While Tissot is a well-known brand, when I think of their watches, I tend to think more along the lines of their super-technical T-Touch stuff, or their more mainstream things like the partnership they’ve established with the NBA. However, if that’s how my brain thinks of them, that’s underselling the brand, and the just-announced Tissot Seastar 2000 Professional is forcing me to reset my expectations.

While most pro divers are relying on digital dive computers to track what they’re doing, there’s still a space where dive watches are used as a backup. Or, for folks like me (and perhaps you), to simply sport the look as we do a fair bit of desk diving in our daily lives. Sure, the 600m WR rating (which translates to 2000 feet, hence the 2000 in the name) is overkill for a desk diver, I view it as a massive “engineering factor” that’s excessively protecting the movement inside (more on that in a moment). As is the anti-magnetic Nivachron spring in the movement.

Speaking of that movement – the Tissot Seastar 2000 Professional houses the Powermatic 80 calibre, something we’ve seen showing up across more of the Swatch Group marques. Along with that fancy balance spring, you’ve also got a very, very tasty 80 hour power reserve. That means you can set the watch down and come back three days later (so, say, over a long weekend) and it’ll be still ticking away, keeping accurate time (and date).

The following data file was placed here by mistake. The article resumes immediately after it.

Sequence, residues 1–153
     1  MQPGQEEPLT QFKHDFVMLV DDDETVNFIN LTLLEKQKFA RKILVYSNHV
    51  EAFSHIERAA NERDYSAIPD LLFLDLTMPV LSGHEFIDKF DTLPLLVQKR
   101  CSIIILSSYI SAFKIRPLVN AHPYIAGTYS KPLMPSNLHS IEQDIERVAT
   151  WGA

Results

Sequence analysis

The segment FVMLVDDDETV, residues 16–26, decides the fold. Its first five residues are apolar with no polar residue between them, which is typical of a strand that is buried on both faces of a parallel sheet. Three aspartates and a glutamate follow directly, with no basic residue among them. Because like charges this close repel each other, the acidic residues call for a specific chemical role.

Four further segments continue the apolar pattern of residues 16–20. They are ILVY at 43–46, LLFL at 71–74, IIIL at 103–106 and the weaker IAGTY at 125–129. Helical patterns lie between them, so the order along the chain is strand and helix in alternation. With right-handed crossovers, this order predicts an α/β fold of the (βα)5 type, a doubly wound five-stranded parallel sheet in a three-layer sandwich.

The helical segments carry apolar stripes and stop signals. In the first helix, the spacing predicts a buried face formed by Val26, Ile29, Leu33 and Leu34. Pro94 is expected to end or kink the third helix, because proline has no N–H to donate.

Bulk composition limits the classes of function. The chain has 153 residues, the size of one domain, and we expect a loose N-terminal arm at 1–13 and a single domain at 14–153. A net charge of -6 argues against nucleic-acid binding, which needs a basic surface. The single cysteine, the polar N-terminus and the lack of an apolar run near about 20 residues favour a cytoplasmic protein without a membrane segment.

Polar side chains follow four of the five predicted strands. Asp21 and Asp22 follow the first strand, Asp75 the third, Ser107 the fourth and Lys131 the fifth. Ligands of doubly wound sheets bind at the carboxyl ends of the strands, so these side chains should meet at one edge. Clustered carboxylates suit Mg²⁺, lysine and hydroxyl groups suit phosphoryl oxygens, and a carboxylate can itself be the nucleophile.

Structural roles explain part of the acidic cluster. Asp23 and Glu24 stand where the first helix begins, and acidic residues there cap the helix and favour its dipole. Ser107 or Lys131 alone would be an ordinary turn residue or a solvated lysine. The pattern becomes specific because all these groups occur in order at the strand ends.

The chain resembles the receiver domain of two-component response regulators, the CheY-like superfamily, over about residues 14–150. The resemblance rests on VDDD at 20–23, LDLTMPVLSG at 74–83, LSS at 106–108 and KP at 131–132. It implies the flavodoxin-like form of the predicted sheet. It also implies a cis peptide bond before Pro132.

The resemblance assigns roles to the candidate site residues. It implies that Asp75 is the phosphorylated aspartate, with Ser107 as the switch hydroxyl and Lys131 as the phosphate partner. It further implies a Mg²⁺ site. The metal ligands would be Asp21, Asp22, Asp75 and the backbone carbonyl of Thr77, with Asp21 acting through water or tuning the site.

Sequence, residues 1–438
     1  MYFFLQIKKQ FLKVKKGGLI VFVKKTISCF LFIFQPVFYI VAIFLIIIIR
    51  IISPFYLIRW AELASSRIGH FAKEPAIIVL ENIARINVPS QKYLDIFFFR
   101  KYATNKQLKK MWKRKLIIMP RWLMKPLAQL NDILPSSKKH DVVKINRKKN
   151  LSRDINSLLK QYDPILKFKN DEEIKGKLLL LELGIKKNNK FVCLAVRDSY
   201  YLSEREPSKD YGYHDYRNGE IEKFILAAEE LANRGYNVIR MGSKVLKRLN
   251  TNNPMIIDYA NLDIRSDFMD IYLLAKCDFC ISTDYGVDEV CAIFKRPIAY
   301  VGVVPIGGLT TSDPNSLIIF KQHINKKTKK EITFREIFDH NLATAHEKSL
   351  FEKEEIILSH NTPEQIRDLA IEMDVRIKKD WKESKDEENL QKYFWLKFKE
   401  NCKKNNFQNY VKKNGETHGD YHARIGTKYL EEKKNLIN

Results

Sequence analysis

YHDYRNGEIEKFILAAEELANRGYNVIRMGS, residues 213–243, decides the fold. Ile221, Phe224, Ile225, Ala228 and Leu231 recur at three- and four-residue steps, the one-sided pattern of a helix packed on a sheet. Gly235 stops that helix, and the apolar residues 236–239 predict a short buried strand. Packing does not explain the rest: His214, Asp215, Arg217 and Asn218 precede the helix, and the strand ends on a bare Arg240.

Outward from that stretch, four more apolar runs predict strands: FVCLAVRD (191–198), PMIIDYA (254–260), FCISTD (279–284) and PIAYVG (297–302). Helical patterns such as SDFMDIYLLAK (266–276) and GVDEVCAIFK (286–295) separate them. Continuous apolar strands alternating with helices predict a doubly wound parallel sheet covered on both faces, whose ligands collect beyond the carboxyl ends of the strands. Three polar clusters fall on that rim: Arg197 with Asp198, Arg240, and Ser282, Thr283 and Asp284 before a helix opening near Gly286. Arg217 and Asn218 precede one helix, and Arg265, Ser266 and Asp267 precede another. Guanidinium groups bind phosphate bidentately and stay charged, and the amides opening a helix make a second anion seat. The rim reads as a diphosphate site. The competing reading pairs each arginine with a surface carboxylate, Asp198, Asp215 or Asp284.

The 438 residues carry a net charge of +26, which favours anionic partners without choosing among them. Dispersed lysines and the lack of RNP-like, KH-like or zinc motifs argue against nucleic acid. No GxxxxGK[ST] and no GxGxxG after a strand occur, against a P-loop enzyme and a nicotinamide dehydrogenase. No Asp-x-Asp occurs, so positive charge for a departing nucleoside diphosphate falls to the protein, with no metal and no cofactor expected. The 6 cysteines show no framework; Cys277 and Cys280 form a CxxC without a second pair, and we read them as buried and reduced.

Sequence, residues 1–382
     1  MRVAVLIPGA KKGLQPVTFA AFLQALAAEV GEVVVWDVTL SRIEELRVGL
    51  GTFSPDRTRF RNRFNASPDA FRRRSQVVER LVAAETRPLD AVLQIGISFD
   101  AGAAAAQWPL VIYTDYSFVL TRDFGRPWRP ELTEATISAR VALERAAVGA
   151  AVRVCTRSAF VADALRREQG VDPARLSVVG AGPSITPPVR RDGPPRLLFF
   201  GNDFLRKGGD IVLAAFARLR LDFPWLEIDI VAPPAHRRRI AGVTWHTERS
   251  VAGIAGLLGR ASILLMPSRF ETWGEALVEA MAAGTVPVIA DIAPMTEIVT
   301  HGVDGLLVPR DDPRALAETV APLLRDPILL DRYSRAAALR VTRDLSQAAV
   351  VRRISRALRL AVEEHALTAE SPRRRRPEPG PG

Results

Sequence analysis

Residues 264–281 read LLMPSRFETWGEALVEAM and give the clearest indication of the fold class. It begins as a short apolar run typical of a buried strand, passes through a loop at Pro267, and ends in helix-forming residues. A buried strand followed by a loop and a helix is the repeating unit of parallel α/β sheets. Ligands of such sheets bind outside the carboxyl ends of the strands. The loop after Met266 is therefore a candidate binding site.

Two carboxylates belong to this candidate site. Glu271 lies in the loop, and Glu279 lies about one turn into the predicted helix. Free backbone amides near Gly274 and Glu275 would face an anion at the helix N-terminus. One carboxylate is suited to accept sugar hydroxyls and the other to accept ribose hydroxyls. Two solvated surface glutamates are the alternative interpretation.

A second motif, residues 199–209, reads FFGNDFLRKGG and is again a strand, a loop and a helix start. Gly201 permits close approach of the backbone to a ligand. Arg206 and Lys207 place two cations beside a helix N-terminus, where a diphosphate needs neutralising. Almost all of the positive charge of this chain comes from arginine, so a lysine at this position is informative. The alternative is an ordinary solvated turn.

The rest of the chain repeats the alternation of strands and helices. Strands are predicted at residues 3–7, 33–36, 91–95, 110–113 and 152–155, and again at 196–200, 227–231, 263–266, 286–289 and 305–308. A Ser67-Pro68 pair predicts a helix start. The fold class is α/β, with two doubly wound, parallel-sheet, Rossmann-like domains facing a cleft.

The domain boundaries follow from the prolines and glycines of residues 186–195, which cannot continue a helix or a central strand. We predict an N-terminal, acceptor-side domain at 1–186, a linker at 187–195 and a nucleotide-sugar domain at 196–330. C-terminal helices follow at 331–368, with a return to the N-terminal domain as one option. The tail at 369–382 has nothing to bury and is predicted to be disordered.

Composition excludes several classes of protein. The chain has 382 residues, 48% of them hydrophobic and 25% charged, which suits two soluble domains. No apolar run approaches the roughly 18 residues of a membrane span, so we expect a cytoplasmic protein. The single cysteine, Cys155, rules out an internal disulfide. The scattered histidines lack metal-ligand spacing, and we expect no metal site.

Now, as you’d expect for a deep dive watch like the Tissot Seastar 2000 Professional – particularly one that feels it needs a helium escape valve – you’re dealing with some oversized dimensions. In particular, the case comes in at 46mm and a very hefty 16.25mm thick. Add all the steel, along with the steel bracelet, and you’re going to be dealing with a decent bit of weight on your wrist. Still, it’ll give you the bold look, particularly with the carved look they’ve got going on the degrade dial (in either blue, teal, or black).

If you opt for the Tissot Seastar 2000 Professional on the rubber strap, it’ll be $995, while the ones on the steel bracelet will run you $1,025 which is not much of a premium. So, as usual, unless you’re anti-bracelet, get the bracelet right out of the gate, and then pick up an aftermarket strap to swap in if you’re so inclined. Check it all out over at tissotwatches.com

Tech Specs from Tissot

  • 316L stainless steel case with burnished and satin-finish details
    • Diameter 46 mm, thickness 16.25 mm
    • Domed, bevelled glass in single-sided anti-reflective sapphire; case back in transparent sapphire glass with seahorse transfer
    • Water-resistant to 600 m (2,000 ft, 60 ATM)
    • Unidirectional rotating bezel, notched, with black ceramic insert
    • Screw-down crown, engraved, with protective shoulder
    • Helium valve at 9 o’clock
  • Mechanical self-winding movement
    • Powermatic 80 calibre (ETA C07.111)
    • Hours, minutes, seconds, date
    • 21,600 VPH (3 Hz)
    • Power reserve of approximately 80 hours
    • Anti-magnetic NivachronTM balance-spring in titanium alloy
  • Dial in shaded blue with engraved wave motif
    • Date aperture in appliqué, rhodium-plated, at 6 o’clock
    • Hour and minute hands in baton form, nickel-plated, set with white Super- LumiNova®, emission colour blue
    • Pear-shaped seconds hand with Tissot counterweight, set with white Super- LumiNova®, emission colour blue
    • Rhodium-plated hour markers set with white Super-LumiNova®, emission colour blue
  • Rubber strap/three-row carved steel bracelet
  • Tongue buckle in steel/folding clasp for diving

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